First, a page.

Monday, November 25, 2013

Our 2013 American Trip: Brooklyn Bridge, NYC


Back to NYC again from when we visited Robin at the beginning of October!  I already showed you our day in Central Park.  The next day, Monday, October 7, we walked the Brooklyn Bridge...something Astrid had already done in 2008, but a first for me.

Of course, we had to get there and so saw a lot beforehand.
It's not just the destination, you know!

Once we saw the Brooklyn Bridge sign, we could almost taste it.

The Brooklyn Bridge is one of America's oldest suspension bridges, completed in 1883.
It spans the East River, connecting the buroughs of Manhattan and Brooklyn.
The upper level is for pedestrians/bikers only.

Talk about a photo-op!
Everyone wants to get in on the action.

It was so blustery, with some mist, we almost blew off the bridge.

Even Lady Liberty hung on for dear life, at the beginning of the government shutdown.
And don't forget the Jehovah's Witnesses and their Watchtower...an iconic sign for NYC.

But I especially loved the Manhattan Bridge on the other side, open since 1909.

See how close the two bridges are!  They could easily hold hands.
(image by David Shankbone)

And guess what!  Yes!

Enough love padlocks to sink a ship.
But not nearly as many as on the bridge in Köln when we saw them in March!

Once we crossed the bridge and were now in Brooklyn, we discovered we were in DUMBO:
Down Under the Manhatthan Bridge Overpass.
At ground level we could look up to both bridges.

Robin knew we'd want to see Jane's Carousel in Brooklyn Bridge Park,
 even though it wasn't open.
We were even privy to a wedding photo-op nearby.

As we walked to where we'd eat lunch, we had another photo-op of art-slash-graffiti.

Who says this isn't art...or that it's boring (top-right).

In fact, there is art of some sort everywhere you look in NYC!

Even where we ate lunch, I was more interested in the photo-op
than what we ate...apparently!

♥ ♥ ♥ ♥ ♥

Fully replenished from lunch, we headed to the NY Public Library...

...taking the subway from Brooklyn back to Manhattan.

The New York Public Library is America's second largest, behind the Library of Congress,
and the third largest in the world.

Once again, Robin knew exactly what we'd want to see!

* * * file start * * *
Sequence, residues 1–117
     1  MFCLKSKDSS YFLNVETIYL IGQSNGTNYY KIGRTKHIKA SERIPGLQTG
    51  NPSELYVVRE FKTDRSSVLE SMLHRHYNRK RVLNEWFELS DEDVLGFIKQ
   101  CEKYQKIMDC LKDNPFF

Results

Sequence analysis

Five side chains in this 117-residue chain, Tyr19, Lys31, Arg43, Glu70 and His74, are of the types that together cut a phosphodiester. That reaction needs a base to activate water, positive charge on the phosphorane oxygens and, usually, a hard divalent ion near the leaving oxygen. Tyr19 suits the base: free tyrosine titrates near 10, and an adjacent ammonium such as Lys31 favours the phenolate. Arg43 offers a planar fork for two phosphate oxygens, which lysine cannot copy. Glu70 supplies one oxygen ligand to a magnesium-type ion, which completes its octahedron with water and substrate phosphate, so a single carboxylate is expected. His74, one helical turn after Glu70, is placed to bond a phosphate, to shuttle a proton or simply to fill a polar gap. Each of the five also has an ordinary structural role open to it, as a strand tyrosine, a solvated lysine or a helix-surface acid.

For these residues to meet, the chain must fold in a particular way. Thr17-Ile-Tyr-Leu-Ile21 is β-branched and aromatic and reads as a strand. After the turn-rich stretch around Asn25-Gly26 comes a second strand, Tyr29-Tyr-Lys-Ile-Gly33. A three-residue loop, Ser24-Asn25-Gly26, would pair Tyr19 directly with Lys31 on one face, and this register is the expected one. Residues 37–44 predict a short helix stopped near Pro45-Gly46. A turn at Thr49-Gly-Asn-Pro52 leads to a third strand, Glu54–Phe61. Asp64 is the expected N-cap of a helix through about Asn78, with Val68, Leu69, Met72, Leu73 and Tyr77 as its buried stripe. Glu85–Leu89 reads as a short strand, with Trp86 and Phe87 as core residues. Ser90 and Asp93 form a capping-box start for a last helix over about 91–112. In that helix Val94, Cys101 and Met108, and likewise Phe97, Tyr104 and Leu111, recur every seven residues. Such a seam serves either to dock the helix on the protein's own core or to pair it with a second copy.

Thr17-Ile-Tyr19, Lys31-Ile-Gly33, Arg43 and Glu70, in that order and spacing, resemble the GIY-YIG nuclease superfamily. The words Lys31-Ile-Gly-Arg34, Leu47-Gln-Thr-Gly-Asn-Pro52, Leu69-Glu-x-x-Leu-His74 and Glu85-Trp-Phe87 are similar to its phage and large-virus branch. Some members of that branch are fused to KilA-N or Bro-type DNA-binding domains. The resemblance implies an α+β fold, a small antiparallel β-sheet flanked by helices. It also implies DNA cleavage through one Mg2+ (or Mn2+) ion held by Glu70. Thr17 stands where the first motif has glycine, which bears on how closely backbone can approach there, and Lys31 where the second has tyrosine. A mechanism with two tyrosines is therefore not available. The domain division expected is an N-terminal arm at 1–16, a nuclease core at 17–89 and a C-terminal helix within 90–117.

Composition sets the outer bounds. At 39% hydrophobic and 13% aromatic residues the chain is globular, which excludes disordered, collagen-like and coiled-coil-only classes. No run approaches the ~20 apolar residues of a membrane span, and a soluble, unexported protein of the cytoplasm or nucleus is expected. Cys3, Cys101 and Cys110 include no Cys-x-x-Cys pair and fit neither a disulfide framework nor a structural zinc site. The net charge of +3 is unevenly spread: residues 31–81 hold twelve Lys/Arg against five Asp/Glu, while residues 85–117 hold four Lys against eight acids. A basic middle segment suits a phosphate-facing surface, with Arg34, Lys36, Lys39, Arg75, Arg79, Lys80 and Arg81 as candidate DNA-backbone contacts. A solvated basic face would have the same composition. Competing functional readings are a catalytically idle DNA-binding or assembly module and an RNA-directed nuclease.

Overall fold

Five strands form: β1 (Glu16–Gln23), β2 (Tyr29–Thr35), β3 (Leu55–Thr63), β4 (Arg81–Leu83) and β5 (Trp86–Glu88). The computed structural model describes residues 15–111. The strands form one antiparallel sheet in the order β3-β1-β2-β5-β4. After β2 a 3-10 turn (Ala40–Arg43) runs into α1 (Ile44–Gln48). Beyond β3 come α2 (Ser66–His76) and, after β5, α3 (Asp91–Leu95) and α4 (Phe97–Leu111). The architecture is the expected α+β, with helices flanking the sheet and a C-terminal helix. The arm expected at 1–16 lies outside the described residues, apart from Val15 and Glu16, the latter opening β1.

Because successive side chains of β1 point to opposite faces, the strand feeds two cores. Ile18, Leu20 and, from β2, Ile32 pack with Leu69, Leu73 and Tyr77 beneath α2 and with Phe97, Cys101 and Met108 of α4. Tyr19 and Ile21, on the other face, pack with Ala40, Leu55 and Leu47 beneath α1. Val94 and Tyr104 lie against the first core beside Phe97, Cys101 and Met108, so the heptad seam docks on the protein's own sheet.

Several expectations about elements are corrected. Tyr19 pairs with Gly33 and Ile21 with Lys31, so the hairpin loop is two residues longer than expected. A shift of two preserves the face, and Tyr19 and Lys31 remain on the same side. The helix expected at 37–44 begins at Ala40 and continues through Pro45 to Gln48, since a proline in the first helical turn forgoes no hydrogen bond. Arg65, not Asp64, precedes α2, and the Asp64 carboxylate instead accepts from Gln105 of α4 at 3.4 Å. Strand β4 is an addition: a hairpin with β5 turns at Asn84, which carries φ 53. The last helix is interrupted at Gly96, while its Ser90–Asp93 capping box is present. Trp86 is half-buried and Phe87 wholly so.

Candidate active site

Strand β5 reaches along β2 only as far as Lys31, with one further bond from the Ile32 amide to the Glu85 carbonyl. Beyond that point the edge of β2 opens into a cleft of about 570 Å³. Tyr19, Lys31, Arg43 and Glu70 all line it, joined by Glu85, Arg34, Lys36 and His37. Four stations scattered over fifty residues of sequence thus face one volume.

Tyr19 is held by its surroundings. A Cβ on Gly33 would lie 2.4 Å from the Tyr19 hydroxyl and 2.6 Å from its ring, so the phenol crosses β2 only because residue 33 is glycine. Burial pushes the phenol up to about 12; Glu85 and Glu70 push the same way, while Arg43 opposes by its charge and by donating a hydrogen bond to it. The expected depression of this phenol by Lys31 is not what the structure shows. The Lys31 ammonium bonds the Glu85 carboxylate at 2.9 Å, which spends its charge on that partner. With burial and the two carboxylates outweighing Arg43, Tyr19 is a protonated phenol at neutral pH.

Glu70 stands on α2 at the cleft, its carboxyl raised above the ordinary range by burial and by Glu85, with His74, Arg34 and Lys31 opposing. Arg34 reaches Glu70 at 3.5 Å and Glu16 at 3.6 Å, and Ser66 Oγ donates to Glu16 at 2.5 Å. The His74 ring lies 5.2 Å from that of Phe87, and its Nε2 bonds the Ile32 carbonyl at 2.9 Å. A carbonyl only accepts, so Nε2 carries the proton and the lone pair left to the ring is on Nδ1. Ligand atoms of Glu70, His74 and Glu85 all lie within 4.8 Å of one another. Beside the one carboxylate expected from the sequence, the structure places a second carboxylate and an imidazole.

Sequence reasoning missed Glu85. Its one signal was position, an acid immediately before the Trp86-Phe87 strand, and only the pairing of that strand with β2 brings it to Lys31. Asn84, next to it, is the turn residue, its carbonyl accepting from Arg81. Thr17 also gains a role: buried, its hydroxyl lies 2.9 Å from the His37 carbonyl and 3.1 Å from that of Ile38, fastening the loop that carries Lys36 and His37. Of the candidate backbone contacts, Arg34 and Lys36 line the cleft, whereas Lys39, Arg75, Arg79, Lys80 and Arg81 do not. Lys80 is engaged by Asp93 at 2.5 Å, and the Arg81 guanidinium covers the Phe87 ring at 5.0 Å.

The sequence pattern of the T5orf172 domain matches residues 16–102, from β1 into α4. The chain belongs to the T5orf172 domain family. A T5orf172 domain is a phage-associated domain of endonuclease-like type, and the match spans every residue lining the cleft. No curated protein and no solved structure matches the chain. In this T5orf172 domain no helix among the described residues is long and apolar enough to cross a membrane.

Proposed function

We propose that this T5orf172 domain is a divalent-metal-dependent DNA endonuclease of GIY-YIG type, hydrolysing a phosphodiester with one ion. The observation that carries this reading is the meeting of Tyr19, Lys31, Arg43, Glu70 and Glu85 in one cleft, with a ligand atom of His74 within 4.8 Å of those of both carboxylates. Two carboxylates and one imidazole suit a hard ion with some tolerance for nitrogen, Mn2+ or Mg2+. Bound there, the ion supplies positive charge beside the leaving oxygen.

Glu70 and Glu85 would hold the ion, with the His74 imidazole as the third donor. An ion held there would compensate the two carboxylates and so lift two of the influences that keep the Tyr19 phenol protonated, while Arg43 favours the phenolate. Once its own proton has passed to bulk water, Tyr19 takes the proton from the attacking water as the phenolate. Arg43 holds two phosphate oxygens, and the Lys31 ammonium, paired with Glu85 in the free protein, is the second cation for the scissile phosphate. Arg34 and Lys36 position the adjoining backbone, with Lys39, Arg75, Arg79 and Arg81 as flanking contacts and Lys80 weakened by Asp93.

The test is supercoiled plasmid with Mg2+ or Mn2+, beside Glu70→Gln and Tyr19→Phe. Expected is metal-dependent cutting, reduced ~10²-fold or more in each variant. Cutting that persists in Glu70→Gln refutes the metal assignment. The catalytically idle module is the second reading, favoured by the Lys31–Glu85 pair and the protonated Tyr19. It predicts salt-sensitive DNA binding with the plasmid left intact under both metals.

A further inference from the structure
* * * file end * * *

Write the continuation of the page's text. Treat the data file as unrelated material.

Totally worth the time it took on our way home.

Impressions.  Impressions.  Impressions.
Oh, and did I mention George Gershwin used to live in the same building as Robin?

14 comments:

  1. thanks for the tour. i would have thought it's astrid's first time to cross the bridge and not yours.

    ReplyDelete
    Replies
    1. Isn't that weird, Maria! She took one last trip with her son and ex-husband before the divorce and went to NYC because it had already been planned, tickets bought, etc. That's when she walked the bridge. Reality is often stranger than fiction!

      Delete
  2. It must be time for me to pay a visit to NYC again, I was there twice... back in the late 60s and again in the 80s. The WTC towers were still standing then, they are in the background to some of my photos. Incredible to think they are not there any more. Saw the Brooklyn Bridge but didn't walk across it. I've read The Great Bridge by David McCullough, a super book telling the story of building the bridge. Hard to visit a big city like NYC on my own though.... and I don't know anyone who lives there!

    ReplyDelete
    Replies
    1. Of course there'd be a book about that bridge! I bet it'd be interesting to read. I have been to NYC several times in my lifetime but this is the time I'll remember the most, mainly because taking pictures is more important to me now than ever. I really want to remember what I saw! Maybe one of these days you'll have someone who'll want to go with you. Start asking?! :)